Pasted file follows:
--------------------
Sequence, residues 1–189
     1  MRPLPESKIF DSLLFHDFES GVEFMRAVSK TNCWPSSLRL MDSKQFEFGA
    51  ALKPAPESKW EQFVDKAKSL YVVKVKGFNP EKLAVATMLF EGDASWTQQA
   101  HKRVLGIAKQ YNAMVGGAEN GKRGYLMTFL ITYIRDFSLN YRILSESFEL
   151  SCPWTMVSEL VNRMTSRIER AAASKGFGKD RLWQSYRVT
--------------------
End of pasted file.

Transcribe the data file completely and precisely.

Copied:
Sequence, residues 1–189
     1  MRPLPESKIF DSLLFHDFES GVEFMRAVSK TNCWPSSLRL MDSKQFEFGA
    51  ALKPAPESKW EQFVDKAKSL YVVKVKGFNP EKLAVATMLF EGDASWTQQA
   101  HKRVLGIAKQ YNAMVGGAEN GKRGYLMTFL ITYIRDFSLN YRILSESFEL
   151  SCPWTMVSEL VNRMTSRIER AAASKGFGKD RLWQSYRVT